That vaisheShika theory was principally meant as a system of proto-scientific explanation is seen in its application within its tradition starting from kaNAda. udyotakAra following the tradition used it to explain refraction of light. udayana used it to explain how heat from the sun was the ultimate source of all earthly heat stores. bhaTTa jayanta used it to explain photo-chemical reactions. It also influenced the great nAstIka intellectual, the jaina umAsvati who incorporated the vaisheShika concept of saMyoga, vibhAga in the form attractive and repulsive forces between paramANu-s and aNu-s.
In conclusion it might be said that the ancient Hindus had in vaisheShika a proto-scientific frame work whose important features included: 1) The absence of a creator for the universe or an Ishvara as the cause of the universe; 2) The construction of the universe through the combination of fundamental particles paramANu-s- “atoms” to give rise to “aNu-s” molecular particles. 3) The particle nature of light and heat. 4) An explanation of natural phenomena using molecular and atomic particles and a small set of basic physical forces. 5) karma chiefly implies physical forces and force itself has a particle nature. 6) The mind is molecular in nature. 7) consciousness is not per say “non-material” but associated with matter- perhaps as a distinct particle or as a “property” of a particle, perhaps like charge.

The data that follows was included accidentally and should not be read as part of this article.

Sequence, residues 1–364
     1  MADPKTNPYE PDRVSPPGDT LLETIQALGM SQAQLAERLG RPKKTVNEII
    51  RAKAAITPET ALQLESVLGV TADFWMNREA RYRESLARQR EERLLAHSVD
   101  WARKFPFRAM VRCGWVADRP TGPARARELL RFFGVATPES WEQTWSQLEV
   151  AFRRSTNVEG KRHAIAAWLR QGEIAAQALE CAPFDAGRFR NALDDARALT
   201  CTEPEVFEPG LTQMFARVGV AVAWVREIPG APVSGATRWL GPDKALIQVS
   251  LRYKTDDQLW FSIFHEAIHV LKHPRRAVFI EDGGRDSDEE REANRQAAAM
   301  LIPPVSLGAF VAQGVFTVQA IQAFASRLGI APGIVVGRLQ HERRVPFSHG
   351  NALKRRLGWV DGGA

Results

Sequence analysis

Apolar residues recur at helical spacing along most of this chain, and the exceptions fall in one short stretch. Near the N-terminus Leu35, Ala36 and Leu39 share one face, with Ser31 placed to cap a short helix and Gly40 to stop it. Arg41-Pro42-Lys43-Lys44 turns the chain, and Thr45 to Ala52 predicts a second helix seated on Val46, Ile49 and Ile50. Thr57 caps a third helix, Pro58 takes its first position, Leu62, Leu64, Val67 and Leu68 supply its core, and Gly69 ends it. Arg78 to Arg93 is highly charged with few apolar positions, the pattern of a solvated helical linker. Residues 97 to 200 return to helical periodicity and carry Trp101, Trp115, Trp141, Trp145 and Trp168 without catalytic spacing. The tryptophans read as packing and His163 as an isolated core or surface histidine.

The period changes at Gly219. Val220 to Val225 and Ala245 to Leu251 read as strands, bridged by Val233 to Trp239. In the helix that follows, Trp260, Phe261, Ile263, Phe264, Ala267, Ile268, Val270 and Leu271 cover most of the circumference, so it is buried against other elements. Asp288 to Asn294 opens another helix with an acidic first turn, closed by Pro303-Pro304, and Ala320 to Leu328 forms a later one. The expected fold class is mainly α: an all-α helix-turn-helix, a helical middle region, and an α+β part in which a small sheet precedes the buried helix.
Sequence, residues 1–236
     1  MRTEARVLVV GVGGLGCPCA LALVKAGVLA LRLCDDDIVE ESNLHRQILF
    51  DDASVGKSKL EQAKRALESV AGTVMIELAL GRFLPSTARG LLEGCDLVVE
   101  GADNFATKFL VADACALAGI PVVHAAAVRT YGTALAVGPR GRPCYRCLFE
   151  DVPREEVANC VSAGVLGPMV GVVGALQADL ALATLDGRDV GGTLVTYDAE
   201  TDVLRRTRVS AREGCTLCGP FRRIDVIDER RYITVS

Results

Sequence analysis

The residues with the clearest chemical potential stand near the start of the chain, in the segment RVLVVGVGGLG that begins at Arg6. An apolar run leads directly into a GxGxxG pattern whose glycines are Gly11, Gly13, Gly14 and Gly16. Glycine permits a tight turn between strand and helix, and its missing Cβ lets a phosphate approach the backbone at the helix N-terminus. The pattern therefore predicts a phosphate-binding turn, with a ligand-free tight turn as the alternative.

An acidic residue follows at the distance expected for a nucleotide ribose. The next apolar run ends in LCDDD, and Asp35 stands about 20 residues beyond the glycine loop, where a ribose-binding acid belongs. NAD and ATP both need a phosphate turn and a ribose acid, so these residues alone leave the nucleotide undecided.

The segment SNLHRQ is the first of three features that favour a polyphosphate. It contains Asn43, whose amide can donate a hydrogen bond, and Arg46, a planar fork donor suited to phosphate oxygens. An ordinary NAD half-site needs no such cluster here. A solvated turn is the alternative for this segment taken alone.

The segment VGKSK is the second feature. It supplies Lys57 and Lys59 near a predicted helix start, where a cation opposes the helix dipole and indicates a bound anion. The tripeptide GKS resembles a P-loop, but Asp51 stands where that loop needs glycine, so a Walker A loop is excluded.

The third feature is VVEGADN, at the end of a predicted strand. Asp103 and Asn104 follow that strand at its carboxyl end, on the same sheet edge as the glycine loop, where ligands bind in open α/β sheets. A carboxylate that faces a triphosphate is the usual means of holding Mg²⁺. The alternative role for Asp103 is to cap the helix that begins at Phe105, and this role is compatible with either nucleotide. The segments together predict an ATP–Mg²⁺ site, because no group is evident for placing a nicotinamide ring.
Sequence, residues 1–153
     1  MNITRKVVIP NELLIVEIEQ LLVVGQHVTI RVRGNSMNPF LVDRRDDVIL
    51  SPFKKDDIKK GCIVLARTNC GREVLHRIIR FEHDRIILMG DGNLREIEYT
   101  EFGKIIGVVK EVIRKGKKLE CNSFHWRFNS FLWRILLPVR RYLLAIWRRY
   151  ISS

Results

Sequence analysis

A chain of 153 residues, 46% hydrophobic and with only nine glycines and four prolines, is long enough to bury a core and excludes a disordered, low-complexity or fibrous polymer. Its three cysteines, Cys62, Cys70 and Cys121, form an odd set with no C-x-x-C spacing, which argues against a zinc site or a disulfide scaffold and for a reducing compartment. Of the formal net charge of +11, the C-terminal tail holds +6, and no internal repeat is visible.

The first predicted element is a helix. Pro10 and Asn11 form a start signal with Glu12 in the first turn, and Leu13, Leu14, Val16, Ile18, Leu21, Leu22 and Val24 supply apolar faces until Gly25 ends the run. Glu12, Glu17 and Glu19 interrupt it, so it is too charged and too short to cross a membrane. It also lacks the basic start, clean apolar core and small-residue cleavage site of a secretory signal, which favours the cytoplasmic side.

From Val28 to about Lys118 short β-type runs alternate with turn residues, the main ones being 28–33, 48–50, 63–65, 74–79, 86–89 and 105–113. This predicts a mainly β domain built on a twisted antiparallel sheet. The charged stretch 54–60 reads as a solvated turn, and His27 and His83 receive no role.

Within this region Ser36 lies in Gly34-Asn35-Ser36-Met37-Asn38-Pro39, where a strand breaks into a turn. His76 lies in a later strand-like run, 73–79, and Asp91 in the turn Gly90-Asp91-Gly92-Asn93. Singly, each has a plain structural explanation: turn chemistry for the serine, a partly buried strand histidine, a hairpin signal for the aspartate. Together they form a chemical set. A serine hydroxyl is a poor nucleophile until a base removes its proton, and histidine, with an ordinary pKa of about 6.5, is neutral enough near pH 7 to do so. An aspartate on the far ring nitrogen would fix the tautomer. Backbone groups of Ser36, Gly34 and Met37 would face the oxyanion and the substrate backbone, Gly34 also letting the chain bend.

But going by later Indian thought and modern Hindus it is clear that this naturalism has been receding to the background. In this context, I have been puzzled by certain observations: I believe that the majority of modern Hindus believe in Ishvara as the cause of the universe or are creationists of different grades. Some may restrict themselves with seeing the universe’s cause as the Ishvara, others may see all the diversity and complexity of nature as a sign of Ishvara. Yet others may believe in the special entities like the sUkShma sharIra transmitting their pApa-s and puNya-s from one sthUla sharIra to another and so on. Majority of Hindus using the Abrahamistic terminology say they believe in God and even go through some effort to say that they are not polytheistic but actually believe in one basic God. Many Hindus and particularly Hindu vedAntic achArya-s do not accept evolution of life by natural selection. Is all of this because of Abrahamistic subversion of their thought alone? Or is it because they have been pre-conditioned for this mental state due to their separation from old vaisheShika and sAMkhya thought?